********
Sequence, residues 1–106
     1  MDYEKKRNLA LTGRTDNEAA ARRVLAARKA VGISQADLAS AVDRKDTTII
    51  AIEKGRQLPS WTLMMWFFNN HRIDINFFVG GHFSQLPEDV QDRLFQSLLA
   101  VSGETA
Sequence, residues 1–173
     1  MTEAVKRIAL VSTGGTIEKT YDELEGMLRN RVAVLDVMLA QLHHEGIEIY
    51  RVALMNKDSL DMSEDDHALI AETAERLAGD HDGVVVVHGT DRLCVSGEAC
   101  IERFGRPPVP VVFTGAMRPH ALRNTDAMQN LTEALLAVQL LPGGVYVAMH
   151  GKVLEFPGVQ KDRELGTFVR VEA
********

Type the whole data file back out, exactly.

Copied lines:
Sequence, residues 1–106
     1  MDYEKKRNLA LTGRTDNEAA ARRVLAARKA VGISQADLAS AVDRKDTTII
    51  AIEKGRQLPS WTLMMWFFNN HRIDINFFVG GHFSQLPEDV QDRLFQSLLA
   101  VSGETA
Sequence, residues 1–173
     1  MTEAVKRIAL VSTGGTIEKT YDELEGMLRN RVAVLDVMLA QLHHEGIEIY
    51  RVALMNKDSL DMSEDDHALI AETAERLAGD HDGVVVVHGT DRLCVSGEAC
   101  IERFGRPPVP VVFTGAMRPH ALRNTDAMQN LTEALLAVQL LPGGVYVAMH
   151  GKVLEFPGVQ KDRELGTFVR VEA